GAO recently dismissed a protest to an awardee’s eligibility under the applicable size standard. The protester argued that the agency should have known that the awardee exceeded the nonmanufacturer rule’s 500-employee maximum. After extensive briefing from both parties and from the SBA itself, GAO found that the awardee’s proposal didn’t raise any issues and that it was really up to the SBA to decide the size issues anyway.Continue reading
I’m proud to announce that the new GovCon Handbook, Procedures & Pitfalls of Size Protests & Appeals, is now available! This video highlights some of the main topics from the book.
I’m pleased to announce that volume 5 of the “Koprince Law LLC GovCon Handbooks” series will be published soon! This GovCon Handbook, entitled Procedures and Pitfalls of Size Protests and Appeals, will be published through Amazon. Check the video below and the rest of this post for additional details.Continue reading
As with many things, when filing a size protest with the Small Business Administration, timing is of the utmost importance! In this YouTube video, we walk you through how to file your size protest on time to avoid dismissal:
Stay tuned to the blog for more important information on size protests and government contracting! And if you think you might have a size protest and require assistance call Koprince Law– before it’s too late!
SBA regulations say that size is determined as of the date an offeror submits its initial proposal, with price. On its face, this rule seems pretty straight forward. But what happens if the initial proposal was filed six years ago? And what if the joint venture that submitted the proposal has since expired?
Following OHA’s recent logic, the proposal-date rule stands even in these unique circumstances.Continue reading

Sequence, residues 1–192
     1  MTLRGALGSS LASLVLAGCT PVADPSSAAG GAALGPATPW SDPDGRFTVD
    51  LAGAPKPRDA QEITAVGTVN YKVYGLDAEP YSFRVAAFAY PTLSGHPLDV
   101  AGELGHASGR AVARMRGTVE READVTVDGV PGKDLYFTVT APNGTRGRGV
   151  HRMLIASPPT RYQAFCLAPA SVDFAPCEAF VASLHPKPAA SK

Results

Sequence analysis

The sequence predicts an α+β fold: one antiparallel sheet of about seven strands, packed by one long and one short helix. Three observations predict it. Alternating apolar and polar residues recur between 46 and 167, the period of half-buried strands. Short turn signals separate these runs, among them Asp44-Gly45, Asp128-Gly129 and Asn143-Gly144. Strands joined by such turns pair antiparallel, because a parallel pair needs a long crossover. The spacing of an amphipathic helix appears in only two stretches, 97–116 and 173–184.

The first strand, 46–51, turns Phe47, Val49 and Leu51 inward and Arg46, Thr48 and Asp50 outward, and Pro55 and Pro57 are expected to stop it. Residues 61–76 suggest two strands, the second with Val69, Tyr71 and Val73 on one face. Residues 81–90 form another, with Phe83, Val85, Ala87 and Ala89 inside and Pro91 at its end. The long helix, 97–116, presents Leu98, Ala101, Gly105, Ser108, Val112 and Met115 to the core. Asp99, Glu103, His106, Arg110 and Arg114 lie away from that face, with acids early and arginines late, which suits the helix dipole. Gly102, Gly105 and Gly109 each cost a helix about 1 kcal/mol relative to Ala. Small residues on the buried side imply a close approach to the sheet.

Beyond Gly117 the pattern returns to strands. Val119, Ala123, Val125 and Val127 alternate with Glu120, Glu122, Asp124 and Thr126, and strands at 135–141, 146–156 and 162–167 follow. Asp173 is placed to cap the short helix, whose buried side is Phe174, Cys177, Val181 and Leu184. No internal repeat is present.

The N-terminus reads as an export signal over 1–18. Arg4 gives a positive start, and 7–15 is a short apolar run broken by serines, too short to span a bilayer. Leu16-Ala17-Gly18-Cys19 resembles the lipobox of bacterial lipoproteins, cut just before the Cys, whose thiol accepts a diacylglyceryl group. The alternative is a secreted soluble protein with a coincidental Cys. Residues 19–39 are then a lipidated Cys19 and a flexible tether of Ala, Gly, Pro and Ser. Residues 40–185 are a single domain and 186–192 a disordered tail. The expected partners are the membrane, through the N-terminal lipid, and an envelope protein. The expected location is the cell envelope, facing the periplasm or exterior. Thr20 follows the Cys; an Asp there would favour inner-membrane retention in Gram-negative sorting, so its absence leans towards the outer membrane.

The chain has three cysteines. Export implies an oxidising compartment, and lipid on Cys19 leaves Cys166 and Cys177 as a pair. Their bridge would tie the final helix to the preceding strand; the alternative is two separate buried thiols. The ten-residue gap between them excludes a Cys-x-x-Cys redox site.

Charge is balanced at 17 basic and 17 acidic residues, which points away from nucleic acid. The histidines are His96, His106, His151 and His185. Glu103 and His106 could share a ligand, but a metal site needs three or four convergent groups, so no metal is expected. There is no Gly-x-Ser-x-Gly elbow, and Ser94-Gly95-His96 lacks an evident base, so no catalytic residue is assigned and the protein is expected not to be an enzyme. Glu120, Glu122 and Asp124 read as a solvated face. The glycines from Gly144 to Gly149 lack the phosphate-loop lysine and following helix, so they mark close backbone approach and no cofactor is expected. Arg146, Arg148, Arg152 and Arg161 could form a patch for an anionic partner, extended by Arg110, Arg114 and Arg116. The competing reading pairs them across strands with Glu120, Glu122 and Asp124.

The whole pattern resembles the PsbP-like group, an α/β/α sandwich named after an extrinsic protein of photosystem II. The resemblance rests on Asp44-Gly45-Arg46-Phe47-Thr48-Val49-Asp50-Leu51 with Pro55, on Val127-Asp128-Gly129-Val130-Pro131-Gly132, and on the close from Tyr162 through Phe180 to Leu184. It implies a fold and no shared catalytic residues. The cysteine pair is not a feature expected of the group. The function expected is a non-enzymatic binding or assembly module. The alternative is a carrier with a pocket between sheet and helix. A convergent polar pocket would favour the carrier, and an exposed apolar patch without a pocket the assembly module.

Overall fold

So, your company has made it past the first big hurdle and got on a GSA schedule. You see a small business task order pop up that you believe your company would be perfect for, but another company gets the award. Based on information you have heard or read, you believe something fishy may be going on and the awarded company may be a big fish that found its way into the small pond.
But can you timely protest the task order award?Continue reading
When a small business sells products to the government under a contract designated with a manufacturing NAICS code, the small business either must be the “manufacturer” of the products, or separately qualify under the nonmanufacturer rule. The nonmanufacturer rule, in turn, requires the prime contractor to have no more than 500 employees, whereas manufacturers may fall under larger size standards–some as big as 1,500 employees.
But what about an unpopulated joint venture that doesn’t itself manufacture any products, relying on the individual venturers to manufacture the solicited goods? Does it also have to comply with the 500-employee size standard under the nonmanufacturer rule? Or can the joint venture be deemed the “manufacturer” of the products in question?Continue reading